The city's economy (and operating budget) is strongly linked to the financial sector, which accounts for approximately 12% of total employment but 30% of earnings. Financial activities employment rose only 0.1% in 2011. The high-earning securities and commodities component of the sector shed 1,900 jobs or 1.1% during the year. Tightening financial reforms and regulation, reduced bank profits, evidence of a shift in bonus and compensation practices away from cash, uncertain economic recovery, and concerns in Europe are among several factors that figure to weigh on financial sector prospects over the near-to-intermediate term.
The city's employment base expanded by a modest 0.2% in 2011, less than the 0.6% growth for the U.S., although the magnitude of the city's job losses during the prior two years was less. However, unemployment was up to 10.2% in July 2012 from 9.3% in July 2011, due to a faster increase in the labor force than employment. This is in contrast to the national trend; U.S. unemployment was down to 8.6% in July 2012 from 9.3% in July 2011.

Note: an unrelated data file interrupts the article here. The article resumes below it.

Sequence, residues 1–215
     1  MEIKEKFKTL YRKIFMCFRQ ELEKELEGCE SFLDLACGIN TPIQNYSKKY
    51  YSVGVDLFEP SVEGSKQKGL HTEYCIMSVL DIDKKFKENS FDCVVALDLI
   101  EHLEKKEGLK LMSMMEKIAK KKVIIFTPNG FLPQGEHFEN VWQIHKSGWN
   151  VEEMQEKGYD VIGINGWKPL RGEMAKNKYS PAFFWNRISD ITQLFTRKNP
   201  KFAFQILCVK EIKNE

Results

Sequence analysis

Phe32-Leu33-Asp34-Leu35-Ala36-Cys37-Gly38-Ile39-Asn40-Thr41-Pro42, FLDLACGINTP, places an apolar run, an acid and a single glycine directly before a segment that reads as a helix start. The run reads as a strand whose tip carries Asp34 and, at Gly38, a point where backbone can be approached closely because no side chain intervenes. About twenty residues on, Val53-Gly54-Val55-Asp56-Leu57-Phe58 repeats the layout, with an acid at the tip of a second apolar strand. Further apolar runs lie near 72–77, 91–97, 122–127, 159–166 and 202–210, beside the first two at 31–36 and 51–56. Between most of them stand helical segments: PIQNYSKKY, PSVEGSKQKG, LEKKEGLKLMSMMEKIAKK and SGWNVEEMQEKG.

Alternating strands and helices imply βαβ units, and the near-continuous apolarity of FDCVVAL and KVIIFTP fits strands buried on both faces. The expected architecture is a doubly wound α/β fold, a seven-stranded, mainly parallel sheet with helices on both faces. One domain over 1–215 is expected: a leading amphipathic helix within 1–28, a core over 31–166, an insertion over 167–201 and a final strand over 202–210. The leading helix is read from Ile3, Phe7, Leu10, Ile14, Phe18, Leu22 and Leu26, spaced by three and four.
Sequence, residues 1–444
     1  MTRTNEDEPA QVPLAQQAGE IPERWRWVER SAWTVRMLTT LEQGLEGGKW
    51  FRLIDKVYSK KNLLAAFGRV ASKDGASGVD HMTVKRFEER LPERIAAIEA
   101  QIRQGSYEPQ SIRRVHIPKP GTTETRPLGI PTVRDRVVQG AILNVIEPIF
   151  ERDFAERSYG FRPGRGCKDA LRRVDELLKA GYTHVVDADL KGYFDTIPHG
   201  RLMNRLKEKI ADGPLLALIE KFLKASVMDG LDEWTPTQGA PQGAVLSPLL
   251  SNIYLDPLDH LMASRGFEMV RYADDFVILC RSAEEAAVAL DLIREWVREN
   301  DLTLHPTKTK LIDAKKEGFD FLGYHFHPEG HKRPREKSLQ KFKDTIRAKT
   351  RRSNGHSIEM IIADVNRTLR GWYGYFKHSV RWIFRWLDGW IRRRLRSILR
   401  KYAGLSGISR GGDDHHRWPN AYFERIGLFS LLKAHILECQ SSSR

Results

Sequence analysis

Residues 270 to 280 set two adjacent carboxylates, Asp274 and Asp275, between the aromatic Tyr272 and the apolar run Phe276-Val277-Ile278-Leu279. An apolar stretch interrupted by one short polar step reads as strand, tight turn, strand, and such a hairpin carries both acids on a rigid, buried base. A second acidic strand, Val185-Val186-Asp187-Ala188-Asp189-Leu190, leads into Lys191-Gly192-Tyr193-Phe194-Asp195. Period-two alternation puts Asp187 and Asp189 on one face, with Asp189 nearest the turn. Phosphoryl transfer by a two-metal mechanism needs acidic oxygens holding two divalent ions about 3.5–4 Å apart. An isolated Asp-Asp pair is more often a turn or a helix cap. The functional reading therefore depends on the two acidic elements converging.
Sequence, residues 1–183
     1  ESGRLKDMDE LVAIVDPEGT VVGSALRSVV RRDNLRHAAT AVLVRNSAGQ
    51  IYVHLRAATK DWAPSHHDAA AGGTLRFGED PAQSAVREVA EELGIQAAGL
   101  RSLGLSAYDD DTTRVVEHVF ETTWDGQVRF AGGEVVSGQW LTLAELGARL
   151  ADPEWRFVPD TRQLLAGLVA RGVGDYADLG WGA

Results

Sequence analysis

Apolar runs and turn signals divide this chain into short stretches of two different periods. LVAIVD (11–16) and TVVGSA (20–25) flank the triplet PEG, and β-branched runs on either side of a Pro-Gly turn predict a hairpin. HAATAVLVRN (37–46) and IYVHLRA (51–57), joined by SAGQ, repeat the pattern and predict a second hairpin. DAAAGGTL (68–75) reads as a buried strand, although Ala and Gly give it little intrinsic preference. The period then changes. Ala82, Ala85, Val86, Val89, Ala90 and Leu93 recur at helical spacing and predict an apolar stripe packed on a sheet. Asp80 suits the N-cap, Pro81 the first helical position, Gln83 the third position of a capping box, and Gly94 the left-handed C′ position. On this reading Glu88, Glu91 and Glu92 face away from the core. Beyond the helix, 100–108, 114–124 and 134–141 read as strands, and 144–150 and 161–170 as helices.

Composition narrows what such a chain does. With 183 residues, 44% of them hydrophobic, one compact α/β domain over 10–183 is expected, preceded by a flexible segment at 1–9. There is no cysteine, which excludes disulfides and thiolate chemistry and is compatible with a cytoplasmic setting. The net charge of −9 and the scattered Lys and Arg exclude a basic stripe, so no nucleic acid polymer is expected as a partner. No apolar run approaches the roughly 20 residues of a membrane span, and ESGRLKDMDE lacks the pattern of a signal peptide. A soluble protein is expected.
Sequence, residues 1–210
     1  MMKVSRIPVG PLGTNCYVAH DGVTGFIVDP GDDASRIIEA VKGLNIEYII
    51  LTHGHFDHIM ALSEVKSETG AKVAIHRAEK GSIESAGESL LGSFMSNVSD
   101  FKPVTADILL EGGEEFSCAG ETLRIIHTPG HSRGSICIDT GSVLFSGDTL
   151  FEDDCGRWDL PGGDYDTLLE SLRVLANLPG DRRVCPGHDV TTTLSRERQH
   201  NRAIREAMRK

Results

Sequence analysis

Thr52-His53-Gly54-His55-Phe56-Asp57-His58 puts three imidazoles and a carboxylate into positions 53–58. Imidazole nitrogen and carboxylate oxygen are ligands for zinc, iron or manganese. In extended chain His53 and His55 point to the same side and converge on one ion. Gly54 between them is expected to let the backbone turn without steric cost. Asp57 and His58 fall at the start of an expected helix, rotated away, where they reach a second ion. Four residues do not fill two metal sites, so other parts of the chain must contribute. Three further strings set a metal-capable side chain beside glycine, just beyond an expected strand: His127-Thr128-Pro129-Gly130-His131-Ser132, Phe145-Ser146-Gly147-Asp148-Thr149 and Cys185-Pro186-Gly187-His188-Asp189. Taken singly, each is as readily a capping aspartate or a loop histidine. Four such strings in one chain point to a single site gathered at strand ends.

Residential real estate continues to struggle. The most recent release of the S&P/Case-Shiller Index of home prices indicates that New York's performance is among the weakest of the 20 metropolitan statistical areas (MSAs) in its survey. It was one of only three MSAs, along with Cleveland and Detroit, to post weaker annual performance in July 2012 than in the prior month, and was among the four MSAs that saw an annual decline. New residential permits are increasing but still far below pre-recession levels. This data may not be representative of the city's activity given the large number of rental units. The city's 2011 Housing and Vacancy Survey indicates that rental units comprise 65% of the city's 3.4 million housing units. Since 2008 the number of rental units has increased 1% while owner units have declined 3%. About 8% of total units are vacant.